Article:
How it works: Picture a pipe. The pipe has a huge variety of valves and possible turns (blocked off by more valves), and information flows to and from a variety of points. The pipe is the internet, and, in some cases, your e-mail providers. Your spy is trying to get you to open a valve to a point HE controls so he can tell when you read his e-mail, so he exploits the system. When most users would send something like "here, look at picture x (picture x file)!"* Your attacker sends "here, come and get picture x so you can look at it (link to picture x)!"** To get picture x, you have to open the valves to your attacker's 'point.' When you do that, he knows that you read the e-mail, but he can also determine where you are (your IP, and from that, your physical location), your OS, and your browser. An attacker might make the entirety of his e-mail picture x, in which case he can change the e-mail even after he sends it.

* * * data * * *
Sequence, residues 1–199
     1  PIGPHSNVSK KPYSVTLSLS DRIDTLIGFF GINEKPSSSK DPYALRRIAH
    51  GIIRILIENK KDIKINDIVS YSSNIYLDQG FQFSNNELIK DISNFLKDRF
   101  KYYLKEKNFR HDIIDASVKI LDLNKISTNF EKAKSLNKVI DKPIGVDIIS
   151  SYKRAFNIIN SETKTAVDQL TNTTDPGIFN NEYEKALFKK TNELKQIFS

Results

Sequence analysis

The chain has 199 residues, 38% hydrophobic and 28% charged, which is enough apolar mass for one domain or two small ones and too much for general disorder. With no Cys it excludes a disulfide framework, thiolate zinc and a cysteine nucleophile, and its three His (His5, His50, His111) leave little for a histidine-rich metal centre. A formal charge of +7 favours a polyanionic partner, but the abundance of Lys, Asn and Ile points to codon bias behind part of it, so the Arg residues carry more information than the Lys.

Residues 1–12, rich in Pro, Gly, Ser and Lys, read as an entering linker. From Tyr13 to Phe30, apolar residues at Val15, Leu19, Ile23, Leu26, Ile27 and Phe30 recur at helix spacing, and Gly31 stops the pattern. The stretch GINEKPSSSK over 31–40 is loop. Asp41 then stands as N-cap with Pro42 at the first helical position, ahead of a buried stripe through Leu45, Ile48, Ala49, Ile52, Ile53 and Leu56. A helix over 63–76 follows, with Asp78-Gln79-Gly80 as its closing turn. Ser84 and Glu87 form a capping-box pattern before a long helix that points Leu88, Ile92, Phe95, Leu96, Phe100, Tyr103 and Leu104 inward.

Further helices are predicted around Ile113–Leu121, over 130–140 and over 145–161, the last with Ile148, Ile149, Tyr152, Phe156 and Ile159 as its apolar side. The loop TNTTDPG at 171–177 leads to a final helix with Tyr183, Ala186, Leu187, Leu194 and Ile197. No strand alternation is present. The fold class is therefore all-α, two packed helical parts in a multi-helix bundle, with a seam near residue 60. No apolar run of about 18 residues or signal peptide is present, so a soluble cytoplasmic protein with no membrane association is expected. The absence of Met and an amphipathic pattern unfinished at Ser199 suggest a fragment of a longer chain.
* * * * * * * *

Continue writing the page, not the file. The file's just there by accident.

So, how would you stop this? Well, not easily. If you know who your attacker is, it's an easy matter to block content from his IP or web address, but most web-based clients download pictures automatically, and you can't scan e-mails that aren't ON your computer. I like @LateralFractal's idea of rendering only plaintext, if your provider offers it. Basically, for web-based e-mail, it all comes down to "what does your e-mail provider do to stop this?" Usually, the answer is "not too much." Sorry.
Of course, your attacker could also send you something like "COMMUNITY ALERT: HAVE YOU SEEN THIS PERSON? THE POLICE ARE OFFERING A $5000 REWARD FOR HIM. SEE HIS MUG SHOTS HERE: www.badwebsite.com". Then, by clicking on the link, you open up the pipe to the spy without his having to do any work at all!
*all this results in is you seeing picture x, all of the "words" are parsed by the e-mail client and turned into something readable
**still results in you seeing picture x